Introduction

The Tetherbox device detection is quite sophisticated and is part of the "secret sauce" of how Tether make it easy to detect, configure and monitor devices across networks.

The Tetherbox will automatically detect if a device changes its IP, if services are enabled/disabled, if there are health problems on the device and more.

What methods are used to scan

Tether use a combination of standard scanning methods as well as internally developed methods to identify devices. Some of the methods include:

  1. Pinging relevant IPs (ICMP).

  2. Checking the ARP table of nearby switches (including a hop away).

  3. Various broadcast discovery methods such as WD Discovery.

  4. Sending API requests on specific ports such as 80, 443, 8080 and 553.

  5. Sending SNMP requests to devices.

  6. Traditional port scanning of specific ports of interest.

All of these are scheduled intelligently to find a balance between responsiveness for a logged in user, background operation and ensuring there is no significant load on the network.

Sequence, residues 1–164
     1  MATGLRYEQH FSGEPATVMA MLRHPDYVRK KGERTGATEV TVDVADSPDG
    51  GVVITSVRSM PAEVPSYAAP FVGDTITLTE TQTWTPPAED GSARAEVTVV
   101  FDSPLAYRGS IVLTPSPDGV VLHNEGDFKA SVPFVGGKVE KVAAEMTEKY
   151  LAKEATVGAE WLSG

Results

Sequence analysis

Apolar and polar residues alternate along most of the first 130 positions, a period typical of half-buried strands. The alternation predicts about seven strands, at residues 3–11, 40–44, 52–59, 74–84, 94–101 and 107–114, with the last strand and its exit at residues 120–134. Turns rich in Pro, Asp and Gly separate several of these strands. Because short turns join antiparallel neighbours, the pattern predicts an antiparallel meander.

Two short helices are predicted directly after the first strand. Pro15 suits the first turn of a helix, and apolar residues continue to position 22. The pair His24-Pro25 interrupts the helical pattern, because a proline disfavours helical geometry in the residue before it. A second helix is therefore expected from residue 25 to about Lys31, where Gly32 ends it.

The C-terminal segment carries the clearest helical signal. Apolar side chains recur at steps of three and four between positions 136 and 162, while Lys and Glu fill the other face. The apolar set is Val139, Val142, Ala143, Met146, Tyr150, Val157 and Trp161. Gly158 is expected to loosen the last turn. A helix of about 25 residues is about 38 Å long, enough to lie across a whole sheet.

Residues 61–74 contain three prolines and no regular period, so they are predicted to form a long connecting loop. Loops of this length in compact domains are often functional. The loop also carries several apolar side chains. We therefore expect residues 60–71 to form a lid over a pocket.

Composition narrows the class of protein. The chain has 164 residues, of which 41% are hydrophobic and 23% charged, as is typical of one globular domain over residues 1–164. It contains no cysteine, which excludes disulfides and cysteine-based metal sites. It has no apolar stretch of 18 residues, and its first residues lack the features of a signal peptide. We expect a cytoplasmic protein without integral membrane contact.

What range are scanned

The Tetherbox will scan all these ranges automatically. If the Tetherbox finds a device on any of these ranges, it will attempt to find an unused IP and join that network automatically:

Ranges

Vendor

192.168.5.0/24

Typical for Milesight and others

10.1.1.0/24

Typical for QVIS/Adata

192.168.254.0/24

Typical for Hikvision static IP

192.0.0.0/ 24

Typical for Older Hikvision / Dahua

10.10.1.0/24

Typical with wifi equipment

172.16.30.0/24

Typical with wifi equipment

10.12.5.0/24

Typical for Pelco

192.168.0.0/24, 192.168.1.0/24

Usually the default for many routers

192.168.88.0/24

The static range Tether uses

Can other ranges be scanned?

Yes. If for example you add a camera that is on a network range that the Tetherbox is not presently scanning, that range will automatically be scanned by the Tetherbox going forward.

You can also specify additional network ranges to scan by opening your Tetherbox offline interface and specifying the ranges there.

Caveats

Please note in order for the Tetherbox to be able to detect and monitor a device, it must be able to see the device's Hardware Address (MAC address).

If a network is set up to prevent this, or the device happens to be on the Internet, this will prevent automatic detection and reduce the monitoring capabilities.

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